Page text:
by Simon Black
On May 12, 1703, the Russian army under Peter the Great captured an important Swedish fort on the Baltic Sea called Nyenskans.
It was a major victory for Peter in his war against the Swedish Empire. Russia was a rising power in the early 1700s, but Peter was in critical need of a Baltic seaport to be able to trade with the rest of Europe.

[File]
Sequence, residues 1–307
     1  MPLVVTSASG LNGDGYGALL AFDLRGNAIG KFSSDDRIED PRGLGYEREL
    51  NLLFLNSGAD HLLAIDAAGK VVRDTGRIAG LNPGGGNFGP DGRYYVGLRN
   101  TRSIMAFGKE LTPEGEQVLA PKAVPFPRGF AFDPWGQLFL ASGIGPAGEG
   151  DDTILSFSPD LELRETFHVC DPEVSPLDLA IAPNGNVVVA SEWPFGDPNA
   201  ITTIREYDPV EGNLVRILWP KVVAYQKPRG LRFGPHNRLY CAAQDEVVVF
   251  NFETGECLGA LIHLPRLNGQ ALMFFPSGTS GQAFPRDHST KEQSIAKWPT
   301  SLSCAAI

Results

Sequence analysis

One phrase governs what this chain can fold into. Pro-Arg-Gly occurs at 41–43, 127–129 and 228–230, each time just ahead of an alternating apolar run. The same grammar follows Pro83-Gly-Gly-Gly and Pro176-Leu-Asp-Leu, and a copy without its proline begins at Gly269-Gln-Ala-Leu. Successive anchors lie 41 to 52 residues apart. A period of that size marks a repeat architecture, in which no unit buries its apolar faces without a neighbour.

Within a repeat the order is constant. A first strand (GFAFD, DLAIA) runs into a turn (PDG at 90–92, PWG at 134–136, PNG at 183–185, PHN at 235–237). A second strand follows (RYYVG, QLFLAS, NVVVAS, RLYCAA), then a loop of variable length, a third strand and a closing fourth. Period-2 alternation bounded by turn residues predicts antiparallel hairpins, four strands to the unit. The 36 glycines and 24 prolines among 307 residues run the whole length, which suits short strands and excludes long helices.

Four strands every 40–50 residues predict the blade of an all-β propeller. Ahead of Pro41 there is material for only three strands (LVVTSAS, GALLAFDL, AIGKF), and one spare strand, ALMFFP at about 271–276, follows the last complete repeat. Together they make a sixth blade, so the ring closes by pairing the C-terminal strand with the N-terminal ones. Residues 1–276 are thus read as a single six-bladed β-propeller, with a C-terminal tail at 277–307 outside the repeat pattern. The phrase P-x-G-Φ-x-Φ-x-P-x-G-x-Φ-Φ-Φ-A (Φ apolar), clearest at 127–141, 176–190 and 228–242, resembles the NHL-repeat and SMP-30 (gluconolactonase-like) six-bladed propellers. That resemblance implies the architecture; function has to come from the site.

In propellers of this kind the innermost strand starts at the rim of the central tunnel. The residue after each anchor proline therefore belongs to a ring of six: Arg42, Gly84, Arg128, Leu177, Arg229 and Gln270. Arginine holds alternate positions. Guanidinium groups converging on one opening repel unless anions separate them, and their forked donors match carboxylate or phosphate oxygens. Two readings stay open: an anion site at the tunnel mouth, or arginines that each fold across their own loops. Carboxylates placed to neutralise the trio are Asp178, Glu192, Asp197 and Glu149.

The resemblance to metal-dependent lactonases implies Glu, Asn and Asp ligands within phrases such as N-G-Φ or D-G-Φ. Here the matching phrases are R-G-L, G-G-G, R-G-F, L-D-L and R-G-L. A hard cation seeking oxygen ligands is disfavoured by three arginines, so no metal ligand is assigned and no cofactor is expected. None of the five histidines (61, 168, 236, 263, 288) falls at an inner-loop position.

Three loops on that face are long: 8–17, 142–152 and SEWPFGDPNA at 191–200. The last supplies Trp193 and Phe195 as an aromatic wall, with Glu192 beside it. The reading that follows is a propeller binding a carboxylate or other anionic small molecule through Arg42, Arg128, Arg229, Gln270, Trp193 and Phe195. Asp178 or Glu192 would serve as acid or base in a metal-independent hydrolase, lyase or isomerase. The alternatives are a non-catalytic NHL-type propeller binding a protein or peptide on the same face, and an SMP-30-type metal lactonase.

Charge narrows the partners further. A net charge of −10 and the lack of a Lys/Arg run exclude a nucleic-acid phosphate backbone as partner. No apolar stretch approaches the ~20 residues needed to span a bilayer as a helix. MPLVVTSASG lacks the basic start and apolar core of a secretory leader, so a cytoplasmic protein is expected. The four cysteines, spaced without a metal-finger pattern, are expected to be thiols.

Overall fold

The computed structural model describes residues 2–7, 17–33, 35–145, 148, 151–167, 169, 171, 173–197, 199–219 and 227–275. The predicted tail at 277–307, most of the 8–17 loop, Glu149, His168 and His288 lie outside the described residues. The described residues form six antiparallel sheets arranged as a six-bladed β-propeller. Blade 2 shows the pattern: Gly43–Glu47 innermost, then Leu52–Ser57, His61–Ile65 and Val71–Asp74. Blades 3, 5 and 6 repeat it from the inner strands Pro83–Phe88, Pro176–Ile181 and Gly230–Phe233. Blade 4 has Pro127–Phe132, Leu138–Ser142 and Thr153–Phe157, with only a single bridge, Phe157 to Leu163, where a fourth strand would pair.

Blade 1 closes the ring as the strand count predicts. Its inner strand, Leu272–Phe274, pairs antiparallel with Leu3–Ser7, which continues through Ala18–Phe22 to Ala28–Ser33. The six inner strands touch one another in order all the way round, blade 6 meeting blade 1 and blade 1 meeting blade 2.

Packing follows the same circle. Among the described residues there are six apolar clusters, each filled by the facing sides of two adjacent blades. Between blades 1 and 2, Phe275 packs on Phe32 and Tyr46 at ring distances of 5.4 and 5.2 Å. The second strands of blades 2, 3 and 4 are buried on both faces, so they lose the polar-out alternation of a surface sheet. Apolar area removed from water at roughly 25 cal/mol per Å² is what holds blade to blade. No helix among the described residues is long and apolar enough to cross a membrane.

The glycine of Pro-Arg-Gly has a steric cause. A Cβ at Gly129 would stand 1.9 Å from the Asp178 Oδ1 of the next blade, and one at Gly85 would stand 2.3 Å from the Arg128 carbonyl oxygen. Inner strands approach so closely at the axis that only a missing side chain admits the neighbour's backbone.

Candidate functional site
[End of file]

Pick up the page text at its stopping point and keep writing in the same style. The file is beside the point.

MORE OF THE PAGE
The capture of Nyenskans was so important that Peter decided to move his capital there. And he renamed it Saint Petersburg.
Technically he called it “Sankt-Pieter-Burch,” which is a Dutch/German spelling of the name; Peter made tremendous efforts throughout his reign to westernize Russia, and naming his capital city in a European style was part of that effort.